Many years ago, I must have been in my first year in college, a classmate got a boyfriend.
He was in his thirties and had a job. He was what we called ‘working class’ in those days. He had a car too, and would regularly pick her up from college after classes. He showered her with expensive gifts, including a mobile phone at a time when one cost an arm and a leg.
He also seemed to be always calling her, wanting to know where she was and who she was with. I recall how he would throw a tantrum if she told him they could not meet because she was going somewhere with friends. We thought it was cute and wished we could find ourselves a boyfriend that loved us that much, one that wanted to spend his every waking moment with us, one that would get jealous if he saw us with another man. Our young and inexperienced selves equated this mental disorder, this possessiveness, with love. How wrong we were.
How it started
As time went by, this friend, a girl that had previously been happy-go-lucky, changed. She began to wear the look of a cornered rabbit, and each time her ‘flip’ phone rang, she would almost jump out of her skin. She also stopped hanging out with us, and when we asked why, her working class boyfriend’s name would almost always come up.
We would learn much later that she was in a violent relationship when a cousin of hers informed us that she was admitted to hospital with a fractured jaw and broken ribs. Determined to end the abusive relationship, she had broken off her relationship with the deranged man, only for him to descend on her with kicks and blows, beating her black and blue.
This story came to mind when I read the unfortunate story of Ivy Wangechi, the Moi University medical student who was hacked to death by a man she had rejected. Possessiveness is not love. That boyfriend who wants to control who you socialise with, that one who insists on scrolling through your phone, constantly calls you just to say hi and wants to know where you are and who you are with all the time does not love you. Love is not controlling. Love is not possessive.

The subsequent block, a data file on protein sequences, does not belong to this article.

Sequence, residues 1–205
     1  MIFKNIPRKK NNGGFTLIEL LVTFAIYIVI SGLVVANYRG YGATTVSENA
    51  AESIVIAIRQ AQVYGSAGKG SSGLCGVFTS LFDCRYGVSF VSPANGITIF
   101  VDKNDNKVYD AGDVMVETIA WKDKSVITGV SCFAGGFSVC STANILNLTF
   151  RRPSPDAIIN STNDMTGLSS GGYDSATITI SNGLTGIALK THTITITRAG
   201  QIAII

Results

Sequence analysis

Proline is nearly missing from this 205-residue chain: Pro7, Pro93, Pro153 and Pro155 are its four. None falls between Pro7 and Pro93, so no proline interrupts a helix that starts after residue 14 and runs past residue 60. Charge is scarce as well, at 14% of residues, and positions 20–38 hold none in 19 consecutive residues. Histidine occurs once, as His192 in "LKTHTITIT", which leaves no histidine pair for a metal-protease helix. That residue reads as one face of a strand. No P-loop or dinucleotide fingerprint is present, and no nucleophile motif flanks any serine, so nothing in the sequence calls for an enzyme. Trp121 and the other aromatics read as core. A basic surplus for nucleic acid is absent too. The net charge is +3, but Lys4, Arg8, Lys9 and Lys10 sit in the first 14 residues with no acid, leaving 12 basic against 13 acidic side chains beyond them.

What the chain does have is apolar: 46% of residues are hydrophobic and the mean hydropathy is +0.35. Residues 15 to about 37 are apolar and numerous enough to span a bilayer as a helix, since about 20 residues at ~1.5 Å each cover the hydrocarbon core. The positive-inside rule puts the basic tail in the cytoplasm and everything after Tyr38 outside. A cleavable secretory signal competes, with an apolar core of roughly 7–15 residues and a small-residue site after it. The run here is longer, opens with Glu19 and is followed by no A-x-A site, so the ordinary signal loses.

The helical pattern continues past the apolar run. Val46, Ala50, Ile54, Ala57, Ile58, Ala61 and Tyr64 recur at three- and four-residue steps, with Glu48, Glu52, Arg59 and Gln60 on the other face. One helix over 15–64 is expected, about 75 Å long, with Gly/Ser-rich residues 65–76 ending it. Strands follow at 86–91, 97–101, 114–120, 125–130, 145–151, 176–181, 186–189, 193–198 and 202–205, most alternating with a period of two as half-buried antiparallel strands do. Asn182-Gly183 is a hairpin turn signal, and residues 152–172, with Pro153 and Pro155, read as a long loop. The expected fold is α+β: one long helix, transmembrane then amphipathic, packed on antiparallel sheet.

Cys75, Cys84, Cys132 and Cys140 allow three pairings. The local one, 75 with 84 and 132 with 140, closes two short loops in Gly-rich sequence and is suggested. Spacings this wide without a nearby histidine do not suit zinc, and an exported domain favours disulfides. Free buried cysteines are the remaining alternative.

f there is a man in your life who is using gifts and money to try and win your attention or love, run, because he is a disaster waiting to happen to you.
If you have told him that you are not interested in him and yet he is still hanging around, hoping that you will change your mind, telling you that he will wait for you no matter how long it takes, don’t be flattered. Be very afraid because there is something very wrong with him.
Normal behaviour is to walk away. If you have someone like that in your life, protect yourself. By all means go ahead and report him to the police and ensure that this tormentor knows it. My heart goes out to Ivy’s family.
Dealing with possessive partner
Find out the root cause
Understanding why someone behaves a certain way helps in dealing with the person better. Think about what makes your partner so possessive Does it have to do with past relationships, a difficult childhood or poor sense of self-worth? Talk to him about his insecurities and fears and understand the root cause.
Control your anger
Dealing with a possessive partner can get tough. Be mindful of your actions, it is natural to get irritable at times. However, if your partner snaps at you, do not respond angrily.
Communicate your discomfort
Your partner needs to be made aware of the impact of his or her controlling nature on you.
Know when to quit
Possessive individuals may turn violent over minor incidents. Guard you life jealously.